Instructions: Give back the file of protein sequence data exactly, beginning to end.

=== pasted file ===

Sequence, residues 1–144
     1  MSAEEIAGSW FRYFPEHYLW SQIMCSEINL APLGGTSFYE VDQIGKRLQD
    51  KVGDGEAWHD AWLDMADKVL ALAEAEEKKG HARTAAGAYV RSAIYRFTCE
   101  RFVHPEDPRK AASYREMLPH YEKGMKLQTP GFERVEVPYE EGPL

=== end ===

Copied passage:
Sequence, residues 1–144
     1  MSAEEIAGSW FRYFPEHYLW SQIMCSEINL APLGGTSFYE VDQIGKRLQD
    51  KVGDGEAWHD AWLDMADKVL ALAEAEEKKG HARTAAGAYV RSAIYRFTCE
   101  RFVHPEDPRK AASYREMLPH YEKGMKLQTP GFERVEVPYE EGPL